Eisenhower was a mystery in many ways to his own family. Although almost always surrounded in retirement by a coterie of relatives, friends, political supporters, or army and golfing buddies, he could be remote, brusque, intimidating and short- tempered – traits no doubt honed during his military career. The author writes that he once asked Mamie Eisenhower why her husband was so restless and whether his omnipresent entourage “revealed a weakness, perhaps a fear of being alone, or a nonexistent inner life.” Not satisfied with his grandmother’s answer, he followed up by asking her if she had really known her husband of 45 years. “I’m not sure anyone did,” she replied. The author writes later in the book, “To me, Dwight Eisenhower had always been imposing and at times unapproachable, and I had never understood why people thought of him as so genial.”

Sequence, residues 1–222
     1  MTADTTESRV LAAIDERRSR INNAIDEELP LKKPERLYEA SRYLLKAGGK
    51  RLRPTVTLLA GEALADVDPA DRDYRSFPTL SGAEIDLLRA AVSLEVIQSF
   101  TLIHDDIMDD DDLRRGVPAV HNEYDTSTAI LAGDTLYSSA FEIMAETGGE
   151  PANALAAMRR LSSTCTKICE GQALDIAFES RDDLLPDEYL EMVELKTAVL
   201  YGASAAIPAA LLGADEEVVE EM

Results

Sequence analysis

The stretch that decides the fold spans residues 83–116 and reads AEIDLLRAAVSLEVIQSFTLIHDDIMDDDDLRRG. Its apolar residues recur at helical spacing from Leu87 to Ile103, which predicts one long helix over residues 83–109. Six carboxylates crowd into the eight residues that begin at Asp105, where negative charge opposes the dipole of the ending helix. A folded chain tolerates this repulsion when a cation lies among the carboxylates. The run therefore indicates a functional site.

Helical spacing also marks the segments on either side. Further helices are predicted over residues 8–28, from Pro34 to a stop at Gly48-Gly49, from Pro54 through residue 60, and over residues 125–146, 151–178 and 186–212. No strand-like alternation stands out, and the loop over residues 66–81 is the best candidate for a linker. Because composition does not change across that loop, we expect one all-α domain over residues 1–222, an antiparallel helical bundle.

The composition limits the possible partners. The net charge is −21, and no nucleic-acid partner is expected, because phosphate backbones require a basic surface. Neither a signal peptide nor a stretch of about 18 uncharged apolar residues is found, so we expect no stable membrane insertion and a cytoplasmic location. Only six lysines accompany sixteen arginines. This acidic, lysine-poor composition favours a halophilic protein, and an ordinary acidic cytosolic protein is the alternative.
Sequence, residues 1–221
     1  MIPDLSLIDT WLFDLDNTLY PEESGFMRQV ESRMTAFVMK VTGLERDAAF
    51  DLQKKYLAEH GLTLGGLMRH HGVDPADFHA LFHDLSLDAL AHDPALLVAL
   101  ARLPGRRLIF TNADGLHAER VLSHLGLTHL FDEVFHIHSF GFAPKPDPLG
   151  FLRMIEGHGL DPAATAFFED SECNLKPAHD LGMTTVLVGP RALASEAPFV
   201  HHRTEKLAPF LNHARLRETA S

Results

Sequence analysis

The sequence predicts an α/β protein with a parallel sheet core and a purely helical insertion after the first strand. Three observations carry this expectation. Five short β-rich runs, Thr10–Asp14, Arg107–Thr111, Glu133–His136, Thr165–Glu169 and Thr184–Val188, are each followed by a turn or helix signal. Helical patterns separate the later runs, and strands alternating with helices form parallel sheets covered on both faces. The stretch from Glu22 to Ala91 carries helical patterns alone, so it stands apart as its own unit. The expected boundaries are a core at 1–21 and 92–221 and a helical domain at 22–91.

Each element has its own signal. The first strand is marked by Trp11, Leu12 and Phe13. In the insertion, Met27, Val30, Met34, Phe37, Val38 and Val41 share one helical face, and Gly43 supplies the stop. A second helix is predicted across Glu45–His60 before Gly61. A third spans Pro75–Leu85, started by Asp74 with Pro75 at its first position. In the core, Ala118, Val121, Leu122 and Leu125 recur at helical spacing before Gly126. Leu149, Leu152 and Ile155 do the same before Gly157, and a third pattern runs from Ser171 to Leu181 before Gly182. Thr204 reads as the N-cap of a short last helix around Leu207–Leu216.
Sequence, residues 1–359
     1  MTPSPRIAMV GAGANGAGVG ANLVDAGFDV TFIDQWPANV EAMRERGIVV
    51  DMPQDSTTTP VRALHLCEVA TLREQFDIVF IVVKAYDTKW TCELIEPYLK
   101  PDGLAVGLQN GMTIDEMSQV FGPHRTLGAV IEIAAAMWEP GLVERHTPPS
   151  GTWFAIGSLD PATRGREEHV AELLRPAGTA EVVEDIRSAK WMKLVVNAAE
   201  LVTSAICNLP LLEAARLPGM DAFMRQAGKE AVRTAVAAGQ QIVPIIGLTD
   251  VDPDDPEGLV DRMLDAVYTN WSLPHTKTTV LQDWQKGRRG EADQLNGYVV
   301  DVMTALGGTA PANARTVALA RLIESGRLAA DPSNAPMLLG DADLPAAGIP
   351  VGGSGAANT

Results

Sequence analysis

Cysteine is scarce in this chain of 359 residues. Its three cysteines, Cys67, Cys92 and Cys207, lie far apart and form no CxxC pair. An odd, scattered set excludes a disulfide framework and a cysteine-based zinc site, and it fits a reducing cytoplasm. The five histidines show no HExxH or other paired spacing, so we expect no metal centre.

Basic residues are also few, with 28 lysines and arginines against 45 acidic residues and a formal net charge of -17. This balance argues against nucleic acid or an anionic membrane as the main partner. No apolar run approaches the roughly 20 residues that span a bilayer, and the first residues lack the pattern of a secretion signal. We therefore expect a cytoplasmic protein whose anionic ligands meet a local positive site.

Delectable insights like this, personal and political, are scattered throughout the book, but the reader has to trek across some dead patches to find them, such as a chapter highlighted by Eisenhower’s recipe for barbecue sauce or a stretch about young Republicans in love (i.e. David and Julie), which could have used way more spice. It was the 1960s, for Pete’s sake. The author, whose other book chronicled his grandfather’s World War II service, is capable of sentences like this one: “Granddad’s stream of consciousness covered whatever was on his mind.”
Nonetheless, despite an incestuous aura about the book – it tiptoes around the sometimes touchy relationship between Nixon and Eisenhower, for example – it does wade into other troubled waters. Eisenhower, whose politics were so amorphous that he was approached by President Harry Truman in 1947 to head the 1948 Democratic ticket (the incumbent was willing to assume the role of second banana), was not a Republican in the contemporary sense of the word. He may have had serious reservations (detailed in the book) about his dashing young successor, John F. Kennedy, but the two conferred fairly often on matters great and small. And the elder statesman gave advice that he hoped would help Kennedy succeed for the good of the nation. It was all very ecumenical by today’s standards.